There aren’t many films out there that successfully probe suburban aspiration, artistic integrity, pretension, modern celebrity and the pressures of working together. Fewer still will do so with wry humour, intelligence and a ‘through the looking glass’ approach to reality. And none, until now, have done so by using the large fake head of the late Frank Sidebottom as a launchpad.
Penned by Jon Ronson, Frank, is ‘inspired by’ the life of Frank Sidebottom. Or at least, the life and ‘outsider spirit’ (as the dedication has it) of Chris Sievey who was Frank and who died a few years before this film was made. Ronson was keyboardist for a time in Frank Sidebottom’s group and he has used his own writing on that subject as the basis for the story of ‘Jon’, a keyboardist yearning for popular acclaim but seemingly lacking the talent to write anything more complicated than riffs on It Must Be Love, who by freak circumstance becomes keyboardist in ‘Frank”s band and who then winds up being an integral part of the creation of a record in darkest, remotest Ireland.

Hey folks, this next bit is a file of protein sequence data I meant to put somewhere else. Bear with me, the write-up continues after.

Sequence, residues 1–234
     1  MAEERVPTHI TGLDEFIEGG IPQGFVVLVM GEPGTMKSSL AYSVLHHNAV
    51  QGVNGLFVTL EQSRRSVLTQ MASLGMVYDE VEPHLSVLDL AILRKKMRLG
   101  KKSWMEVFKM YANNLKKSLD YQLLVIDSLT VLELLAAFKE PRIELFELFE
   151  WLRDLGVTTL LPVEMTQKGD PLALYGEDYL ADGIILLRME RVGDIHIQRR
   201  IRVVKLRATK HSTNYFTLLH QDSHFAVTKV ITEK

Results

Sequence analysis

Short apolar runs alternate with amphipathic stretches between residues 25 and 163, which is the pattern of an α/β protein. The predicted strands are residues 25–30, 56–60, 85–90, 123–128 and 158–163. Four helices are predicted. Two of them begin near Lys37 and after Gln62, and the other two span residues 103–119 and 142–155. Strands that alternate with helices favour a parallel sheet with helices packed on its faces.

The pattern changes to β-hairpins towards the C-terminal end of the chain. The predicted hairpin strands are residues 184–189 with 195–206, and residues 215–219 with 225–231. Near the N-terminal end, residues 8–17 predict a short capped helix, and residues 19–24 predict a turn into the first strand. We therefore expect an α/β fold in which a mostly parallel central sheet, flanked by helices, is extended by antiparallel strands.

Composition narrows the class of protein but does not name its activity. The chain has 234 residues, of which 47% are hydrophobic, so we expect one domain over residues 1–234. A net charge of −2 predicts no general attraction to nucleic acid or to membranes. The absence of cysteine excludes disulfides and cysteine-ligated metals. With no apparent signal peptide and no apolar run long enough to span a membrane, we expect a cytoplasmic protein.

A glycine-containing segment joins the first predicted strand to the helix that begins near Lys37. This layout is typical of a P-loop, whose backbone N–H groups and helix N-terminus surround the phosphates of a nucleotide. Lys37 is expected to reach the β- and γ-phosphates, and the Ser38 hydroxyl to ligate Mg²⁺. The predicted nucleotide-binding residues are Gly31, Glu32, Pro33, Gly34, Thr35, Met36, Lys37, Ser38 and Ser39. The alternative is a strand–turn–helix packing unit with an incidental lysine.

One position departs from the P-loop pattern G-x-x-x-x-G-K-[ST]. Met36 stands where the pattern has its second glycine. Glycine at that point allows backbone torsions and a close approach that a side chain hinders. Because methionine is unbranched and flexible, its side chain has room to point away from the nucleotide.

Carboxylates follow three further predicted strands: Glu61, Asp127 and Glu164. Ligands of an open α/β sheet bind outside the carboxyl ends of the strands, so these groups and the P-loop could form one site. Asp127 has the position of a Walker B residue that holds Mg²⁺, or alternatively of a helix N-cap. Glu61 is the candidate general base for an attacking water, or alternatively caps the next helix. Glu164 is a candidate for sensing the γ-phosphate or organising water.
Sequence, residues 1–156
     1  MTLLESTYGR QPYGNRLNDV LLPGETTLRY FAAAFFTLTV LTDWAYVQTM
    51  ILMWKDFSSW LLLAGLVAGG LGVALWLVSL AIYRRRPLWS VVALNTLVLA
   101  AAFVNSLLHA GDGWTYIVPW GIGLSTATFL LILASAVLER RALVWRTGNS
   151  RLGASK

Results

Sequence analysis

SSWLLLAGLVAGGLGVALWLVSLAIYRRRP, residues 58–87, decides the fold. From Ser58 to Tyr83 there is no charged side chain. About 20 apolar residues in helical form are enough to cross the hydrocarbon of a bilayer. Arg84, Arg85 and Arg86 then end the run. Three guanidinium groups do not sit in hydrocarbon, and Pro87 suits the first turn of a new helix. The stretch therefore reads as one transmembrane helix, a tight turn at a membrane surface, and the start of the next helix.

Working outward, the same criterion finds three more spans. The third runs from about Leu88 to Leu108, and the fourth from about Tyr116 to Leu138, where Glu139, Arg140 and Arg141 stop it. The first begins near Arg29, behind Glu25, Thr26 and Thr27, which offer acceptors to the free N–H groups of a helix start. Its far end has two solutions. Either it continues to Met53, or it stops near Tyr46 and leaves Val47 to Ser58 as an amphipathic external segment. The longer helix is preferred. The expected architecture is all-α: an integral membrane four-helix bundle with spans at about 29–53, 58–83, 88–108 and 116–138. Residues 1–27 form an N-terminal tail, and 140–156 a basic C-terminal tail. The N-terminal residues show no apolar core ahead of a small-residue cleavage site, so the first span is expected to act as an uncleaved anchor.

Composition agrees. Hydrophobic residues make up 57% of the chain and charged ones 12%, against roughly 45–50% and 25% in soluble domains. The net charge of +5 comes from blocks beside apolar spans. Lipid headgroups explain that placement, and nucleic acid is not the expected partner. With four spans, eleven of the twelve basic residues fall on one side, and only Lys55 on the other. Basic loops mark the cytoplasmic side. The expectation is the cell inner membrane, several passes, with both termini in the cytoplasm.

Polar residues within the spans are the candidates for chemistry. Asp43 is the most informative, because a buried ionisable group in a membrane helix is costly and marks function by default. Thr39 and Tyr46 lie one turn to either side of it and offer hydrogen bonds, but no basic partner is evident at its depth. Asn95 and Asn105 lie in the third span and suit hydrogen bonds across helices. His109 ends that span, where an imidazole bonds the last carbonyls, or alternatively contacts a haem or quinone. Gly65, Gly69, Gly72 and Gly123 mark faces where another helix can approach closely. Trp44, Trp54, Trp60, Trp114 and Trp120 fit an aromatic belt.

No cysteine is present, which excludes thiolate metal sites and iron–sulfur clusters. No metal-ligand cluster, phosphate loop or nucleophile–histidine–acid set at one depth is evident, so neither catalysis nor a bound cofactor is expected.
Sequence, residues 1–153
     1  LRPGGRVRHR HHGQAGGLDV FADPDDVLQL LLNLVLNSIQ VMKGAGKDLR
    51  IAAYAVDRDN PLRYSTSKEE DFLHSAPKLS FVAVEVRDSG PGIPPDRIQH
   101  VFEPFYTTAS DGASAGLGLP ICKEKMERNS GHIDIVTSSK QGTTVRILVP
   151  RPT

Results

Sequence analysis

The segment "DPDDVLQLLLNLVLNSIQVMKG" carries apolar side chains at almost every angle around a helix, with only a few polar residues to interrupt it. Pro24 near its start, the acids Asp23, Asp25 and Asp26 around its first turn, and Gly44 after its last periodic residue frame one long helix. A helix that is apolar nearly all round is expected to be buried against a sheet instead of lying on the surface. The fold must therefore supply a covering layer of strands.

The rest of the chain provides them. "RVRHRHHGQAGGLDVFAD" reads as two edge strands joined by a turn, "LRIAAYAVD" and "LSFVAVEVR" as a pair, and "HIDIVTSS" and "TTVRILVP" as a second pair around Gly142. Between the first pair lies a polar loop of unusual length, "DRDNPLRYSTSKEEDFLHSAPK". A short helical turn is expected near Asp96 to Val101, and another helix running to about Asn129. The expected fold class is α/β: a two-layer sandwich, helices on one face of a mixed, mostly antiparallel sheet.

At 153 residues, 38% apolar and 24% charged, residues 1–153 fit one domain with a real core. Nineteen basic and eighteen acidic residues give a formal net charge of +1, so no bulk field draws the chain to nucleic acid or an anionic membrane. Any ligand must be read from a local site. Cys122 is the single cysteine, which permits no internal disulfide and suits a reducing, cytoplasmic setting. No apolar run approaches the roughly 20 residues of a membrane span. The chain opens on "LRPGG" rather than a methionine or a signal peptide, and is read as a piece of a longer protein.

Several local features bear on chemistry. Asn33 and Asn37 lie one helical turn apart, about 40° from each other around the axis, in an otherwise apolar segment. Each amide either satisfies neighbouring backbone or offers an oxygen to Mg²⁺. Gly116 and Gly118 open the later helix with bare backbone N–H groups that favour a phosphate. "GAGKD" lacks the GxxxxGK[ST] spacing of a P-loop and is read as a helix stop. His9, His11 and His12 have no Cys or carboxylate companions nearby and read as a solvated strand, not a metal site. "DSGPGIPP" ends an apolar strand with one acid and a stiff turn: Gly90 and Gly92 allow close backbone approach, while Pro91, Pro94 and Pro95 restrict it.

The cast around Jon and Frank includes Maggie Gyllenhaal’s Clara – a theramin player with a mean attitude and harsh haircut – and Scoot McNairy’s Don whose love for mannequins and occasional insanity seem remarkably un-out-of-place. There are others too, and it is a pleasure to spend time in their company, safe in the knowledge that they can’t actually hurt you.
Frank‘s performances, notably Michael Fassbender as Frank and Domhnall Gleeson as Jon, are very good but it truly is the writing that keeps you going. The dialogue crackles nicely and there are many, many wonderful, subtle observations about the human condition (especially in the age of social media) that reflect the best of Ronson’s extensive work in the field.
So, there is a lot to enjoy packed into 95 tight minutes. Just don’t expect to be able to describe it adequately to the next person you meet: There’s this guy in a head, and he’s in a band and … well, just see it. You can thank me later.